This helps define the roles of the state, for example, as regulator or issuer of digital identities (or neither), responsibilities in organizing data, applications, and infrastructure, and the underlying principles and operating methods of the digital identity ecosystem such as a federated identity management infrastructure.
This can cover everything from how digital identities are used to authenticate users or verify data linked to the services and detail the identity types and levels of trust within the scheme.
Currently, different approaches are being pursued:
from a state-led role in issuing digital identities and structuring services, as seen in Estonia or the United Arab Emirates,
to the more decentralized system with the German ID card project,
or an identity ecosystem developed through a partnership between public and private sectors as is the case in Sweden.
Certain nations largely delegate the provision of identity solutions to the market, and therefore the private sector: this is the case in the United Kingdom who said no to a UK ID card as such in 2010 by yes to a national identification scheme known as UK Verify launched in 2016.
UK ID card scheme scrapped
The UK has so far remained opposed to the very concept of compulsory identification credentials for citizens.
Back in 2006, an attempt known as the Identity Cards Act 2006 by the then Labour government to introduce just such a scheme soon floundered in the face of wide-ranging criticism and protest. When a new Conservative-led coalition took over power in 2010, scrapping the plan was high on its list of priorities.
Back in 2006, the government encountered criticism because it included privacy, human rights, and security concerns.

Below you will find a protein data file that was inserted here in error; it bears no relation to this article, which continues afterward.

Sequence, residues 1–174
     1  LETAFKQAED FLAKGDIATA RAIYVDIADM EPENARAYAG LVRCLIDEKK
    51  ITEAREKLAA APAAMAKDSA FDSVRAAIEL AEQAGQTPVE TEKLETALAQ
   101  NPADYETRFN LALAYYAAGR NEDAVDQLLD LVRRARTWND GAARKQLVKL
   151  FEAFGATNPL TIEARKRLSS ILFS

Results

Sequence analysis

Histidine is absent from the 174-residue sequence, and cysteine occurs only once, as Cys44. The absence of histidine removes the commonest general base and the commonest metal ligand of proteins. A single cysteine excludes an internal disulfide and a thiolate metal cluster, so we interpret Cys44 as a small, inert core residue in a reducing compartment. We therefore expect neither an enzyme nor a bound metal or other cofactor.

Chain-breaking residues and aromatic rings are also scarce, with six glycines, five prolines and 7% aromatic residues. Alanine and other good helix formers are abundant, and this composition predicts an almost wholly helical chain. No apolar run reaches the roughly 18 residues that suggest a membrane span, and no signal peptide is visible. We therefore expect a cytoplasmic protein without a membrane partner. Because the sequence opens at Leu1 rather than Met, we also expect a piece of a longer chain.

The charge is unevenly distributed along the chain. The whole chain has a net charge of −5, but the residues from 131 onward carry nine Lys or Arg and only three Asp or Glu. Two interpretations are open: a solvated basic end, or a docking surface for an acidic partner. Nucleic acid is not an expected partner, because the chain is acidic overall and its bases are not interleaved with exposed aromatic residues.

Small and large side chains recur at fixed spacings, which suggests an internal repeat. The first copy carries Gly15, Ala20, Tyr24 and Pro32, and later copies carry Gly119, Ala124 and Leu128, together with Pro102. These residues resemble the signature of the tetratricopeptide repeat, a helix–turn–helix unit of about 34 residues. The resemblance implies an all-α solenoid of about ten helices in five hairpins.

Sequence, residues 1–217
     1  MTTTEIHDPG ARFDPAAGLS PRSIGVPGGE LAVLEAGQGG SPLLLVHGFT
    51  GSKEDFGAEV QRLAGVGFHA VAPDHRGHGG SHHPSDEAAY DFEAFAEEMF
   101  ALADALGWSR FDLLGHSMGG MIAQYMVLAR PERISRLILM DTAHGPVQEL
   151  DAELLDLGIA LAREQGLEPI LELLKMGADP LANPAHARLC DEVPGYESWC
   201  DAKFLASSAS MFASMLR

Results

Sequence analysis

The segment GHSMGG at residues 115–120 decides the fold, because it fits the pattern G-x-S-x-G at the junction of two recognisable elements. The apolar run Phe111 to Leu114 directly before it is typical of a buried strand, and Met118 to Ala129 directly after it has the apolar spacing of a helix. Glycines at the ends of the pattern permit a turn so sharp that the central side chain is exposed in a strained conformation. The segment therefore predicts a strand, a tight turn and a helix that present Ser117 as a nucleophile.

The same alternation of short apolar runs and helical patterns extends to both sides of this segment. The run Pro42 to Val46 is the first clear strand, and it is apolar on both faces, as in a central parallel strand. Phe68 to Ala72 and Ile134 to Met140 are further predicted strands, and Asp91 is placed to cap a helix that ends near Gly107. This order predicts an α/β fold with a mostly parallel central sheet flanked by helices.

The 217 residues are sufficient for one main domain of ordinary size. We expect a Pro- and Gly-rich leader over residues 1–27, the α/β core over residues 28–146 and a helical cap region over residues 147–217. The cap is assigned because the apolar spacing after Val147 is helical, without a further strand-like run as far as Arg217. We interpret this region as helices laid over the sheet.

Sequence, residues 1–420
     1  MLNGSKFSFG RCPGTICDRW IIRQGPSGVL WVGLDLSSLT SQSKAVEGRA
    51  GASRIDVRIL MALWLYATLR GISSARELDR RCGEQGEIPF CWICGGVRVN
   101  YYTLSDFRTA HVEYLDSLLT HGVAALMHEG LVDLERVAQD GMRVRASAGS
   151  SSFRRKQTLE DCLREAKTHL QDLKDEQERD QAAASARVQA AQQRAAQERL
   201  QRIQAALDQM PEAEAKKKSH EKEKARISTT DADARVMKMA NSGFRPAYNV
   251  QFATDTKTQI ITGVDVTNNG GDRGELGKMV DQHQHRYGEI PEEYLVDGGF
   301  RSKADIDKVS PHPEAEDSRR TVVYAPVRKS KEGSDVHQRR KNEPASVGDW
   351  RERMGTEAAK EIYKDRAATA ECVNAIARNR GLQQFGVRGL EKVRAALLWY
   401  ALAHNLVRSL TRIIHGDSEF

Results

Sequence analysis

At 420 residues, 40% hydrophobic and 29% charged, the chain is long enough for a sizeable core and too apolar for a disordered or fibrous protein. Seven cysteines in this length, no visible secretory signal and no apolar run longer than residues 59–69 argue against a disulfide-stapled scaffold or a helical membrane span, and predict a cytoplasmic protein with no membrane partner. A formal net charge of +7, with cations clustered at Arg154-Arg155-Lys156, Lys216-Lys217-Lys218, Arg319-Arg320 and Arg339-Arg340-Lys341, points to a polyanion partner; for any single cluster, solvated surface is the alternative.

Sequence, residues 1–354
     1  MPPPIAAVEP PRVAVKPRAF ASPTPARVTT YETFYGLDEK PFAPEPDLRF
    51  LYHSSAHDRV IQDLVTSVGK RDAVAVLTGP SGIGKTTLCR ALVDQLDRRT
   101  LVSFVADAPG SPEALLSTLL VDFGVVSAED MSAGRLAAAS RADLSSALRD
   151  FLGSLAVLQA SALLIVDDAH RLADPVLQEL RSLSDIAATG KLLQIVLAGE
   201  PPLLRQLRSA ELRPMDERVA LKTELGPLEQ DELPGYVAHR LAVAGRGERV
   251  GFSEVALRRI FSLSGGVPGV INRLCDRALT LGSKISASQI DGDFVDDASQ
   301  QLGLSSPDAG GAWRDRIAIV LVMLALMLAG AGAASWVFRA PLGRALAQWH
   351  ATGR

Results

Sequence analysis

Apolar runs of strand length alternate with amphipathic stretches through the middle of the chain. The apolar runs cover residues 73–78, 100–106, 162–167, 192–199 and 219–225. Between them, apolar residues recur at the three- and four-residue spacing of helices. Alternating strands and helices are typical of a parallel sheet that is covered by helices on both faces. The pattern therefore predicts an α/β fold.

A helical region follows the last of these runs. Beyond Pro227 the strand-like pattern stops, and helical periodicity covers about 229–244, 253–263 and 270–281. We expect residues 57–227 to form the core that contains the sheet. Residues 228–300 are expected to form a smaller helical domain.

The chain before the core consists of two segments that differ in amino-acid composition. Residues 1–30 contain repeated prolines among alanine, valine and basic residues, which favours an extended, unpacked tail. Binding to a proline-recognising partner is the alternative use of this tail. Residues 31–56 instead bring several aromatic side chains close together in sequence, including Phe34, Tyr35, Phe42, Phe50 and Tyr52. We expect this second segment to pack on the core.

But the failure of the 2006 project also needs to be seen in the context of a government that had been in power for several years. Popularity was waning, and it was vulnerable to well-organized opposition from other parties and hostile media.
Furthermore, much of the protest was focused on the idea of a National Identity Register (holding up to 50 different pieces of information on each citizen), rather than the card itself. Some public resentment was also down to the simple fact that people faced paying up to £60 for the privilege of acquiring one.
Some of the fundamentals around which UK Verify has been built go a long way to addressing these issues.
UK Verify is born into a different world.
In the space of ten years, the environment has changed dramatically. In 2006, the government cited the need to combat illegal immigration, terrorism, and welfare and identity fraud as compelling reasons to introduce an ID scheme.
A decade later, all these issues have moved higher up the public agenda.
For example, even back in 2014, 41% of all fraud was identity fraud.
And 84% of all identity fraud was committed online.
As a result, there is far greater acceptance of the need for tighter security in general and identity protection in particular.
The frequency with which citizens must resort to a driver's license or passport to prove their identity is also increasing, perhaps reinforcing the case for something designed specifically for that purpose.
Just as significantly, with the rapid adoption of a host of mobile and online services, secure authentication of one form or another has become part and parcel of everyday life.
The result is Verify: a single legally recognized means of online authentication that is designed to unlock the door to a new era of eGovernment in the UK.
Dodging the "Big Brother" label – Verify's federated ecosystem